Fort Lauderdale police say they don’t seem to be getting any more cooperation from Brad Parscale’s wife as they investigate Sunday’s encounter in which they say they saw her with bruises and cuts.
Brad Parscale, President Trump’s former campaign manager, was involuntarily placed under psychiatric observation after a standoff with police at his Fort Lauderdale home on Sunday, police said.
Legal experts say that Candice Parscale could greatly influence the outcome of the police investigation, perhaps even ultimately determining whether or not her husband ends up facing charges in the aftermath of Sunday’s tense, hourlong standoff.
“In this incident, the victim was not forthcoming with information while officers were in contact with her on-scene, and the assigned Victim Advocate has had trouble contacting her to provide assistance,” wrote Fort Lauderdale police Sgt. Deanna Greenlaw.
Candice Parscale originally told police that her visible injuries were from Brad, but from days earlier, police said.
“While speaking with Candice Parscale I noticed several large sized contusions on both of her arms, her cheek and forehead. When I asked how she received the bruising, Candice Parscale stated Brad Parscale hits her. When asked if he made these markings today, she claimed he did not,” wrote Detective Steven Smith.
In Fort Lauderdale, alleged victims of domestic violence are assigned a “victim advocate” who helps investigate their case. But so far, Candice Parscale hasn’t spoken to hers, police said.
Megan Chaney, a law professor at Nova Southeastern University, says that the police likely have enough information to charge Brad Parscale at the moment, given the bruising that they say they saw on his wife and her statements to officers that they were the result of strikes from her husband.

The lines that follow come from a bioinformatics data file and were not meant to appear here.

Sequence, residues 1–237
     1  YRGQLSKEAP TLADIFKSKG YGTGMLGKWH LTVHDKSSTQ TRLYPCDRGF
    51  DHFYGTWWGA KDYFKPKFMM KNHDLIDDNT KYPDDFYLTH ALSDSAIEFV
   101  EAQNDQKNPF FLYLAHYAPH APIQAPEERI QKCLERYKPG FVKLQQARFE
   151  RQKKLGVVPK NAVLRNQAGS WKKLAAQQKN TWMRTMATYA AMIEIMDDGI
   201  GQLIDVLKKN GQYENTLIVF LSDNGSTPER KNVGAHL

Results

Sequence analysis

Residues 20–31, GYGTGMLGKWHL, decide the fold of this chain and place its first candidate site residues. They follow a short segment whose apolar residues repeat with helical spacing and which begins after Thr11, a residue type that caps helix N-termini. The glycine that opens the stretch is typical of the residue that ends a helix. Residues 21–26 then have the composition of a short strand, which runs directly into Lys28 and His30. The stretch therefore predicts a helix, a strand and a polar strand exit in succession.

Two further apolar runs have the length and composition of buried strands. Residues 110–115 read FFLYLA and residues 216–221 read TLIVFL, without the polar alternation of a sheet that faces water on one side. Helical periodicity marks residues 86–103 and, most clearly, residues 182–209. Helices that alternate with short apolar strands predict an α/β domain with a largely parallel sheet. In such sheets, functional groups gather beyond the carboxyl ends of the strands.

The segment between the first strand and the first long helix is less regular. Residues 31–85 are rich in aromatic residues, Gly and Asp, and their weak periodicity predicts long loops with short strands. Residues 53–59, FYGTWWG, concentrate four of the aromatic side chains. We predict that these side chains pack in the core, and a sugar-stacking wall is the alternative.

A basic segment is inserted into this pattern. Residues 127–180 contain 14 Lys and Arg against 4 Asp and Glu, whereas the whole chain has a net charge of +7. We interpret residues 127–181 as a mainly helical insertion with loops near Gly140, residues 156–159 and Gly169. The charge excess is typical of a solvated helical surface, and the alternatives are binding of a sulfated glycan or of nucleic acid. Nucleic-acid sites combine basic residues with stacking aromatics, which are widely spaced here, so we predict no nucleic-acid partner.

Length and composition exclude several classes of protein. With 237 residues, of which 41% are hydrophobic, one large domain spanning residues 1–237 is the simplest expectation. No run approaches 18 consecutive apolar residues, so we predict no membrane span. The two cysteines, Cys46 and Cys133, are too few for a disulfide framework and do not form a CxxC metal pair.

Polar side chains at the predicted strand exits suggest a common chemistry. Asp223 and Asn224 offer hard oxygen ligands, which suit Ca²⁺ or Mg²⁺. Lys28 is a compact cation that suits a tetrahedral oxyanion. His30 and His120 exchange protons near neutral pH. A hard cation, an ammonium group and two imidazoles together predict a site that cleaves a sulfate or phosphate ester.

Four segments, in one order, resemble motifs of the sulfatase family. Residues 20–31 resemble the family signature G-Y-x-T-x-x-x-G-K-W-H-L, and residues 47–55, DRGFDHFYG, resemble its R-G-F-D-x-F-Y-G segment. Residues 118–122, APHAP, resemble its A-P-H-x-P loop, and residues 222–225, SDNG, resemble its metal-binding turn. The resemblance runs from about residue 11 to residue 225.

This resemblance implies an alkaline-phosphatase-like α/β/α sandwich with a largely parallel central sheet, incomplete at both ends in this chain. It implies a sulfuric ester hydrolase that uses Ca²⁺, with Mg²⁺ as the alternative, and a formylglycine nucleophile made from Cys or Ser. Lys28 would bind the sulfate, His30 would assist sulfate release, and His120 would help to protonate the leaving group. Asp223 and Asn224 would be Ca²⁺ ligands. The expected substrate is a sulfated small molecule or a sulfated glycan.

But, “if she doesn’t talk to them, they won’t have enough information,” Chaney says. Prosecutors may be unable to prove if the bruising was from a consensual or non-consensual encounter.
The police “won’t know if they were from him in an unprovoked violent attack,” she says.
Chaney also says that the nature of the 911 call that Candice Parscale made could also influence the investigation, since the call was originally about Brad Parscale’s possible suicide, rather than a domestic violence complaint against him.
Paula McMahon, spokeswoman for the Broward County State Attorney’s Office, declined to speak about Parscale’s case.
“We have no comment on the Parscale matter, which is under investigation by the Fort Lauderdale Police Department. The matter has not been presented to prosecutors at this time,” McMahon wrote.
But, she added, “in general, it is not unusual that alleged victims of domestic violence are reluctant to cooperate for obvious reasons. When police present allegations to our office, prosecutors review everything available in each case to determine if there is sufficient evidence to file a charge and prove it without testimony or cooperation from an alleged victim.”
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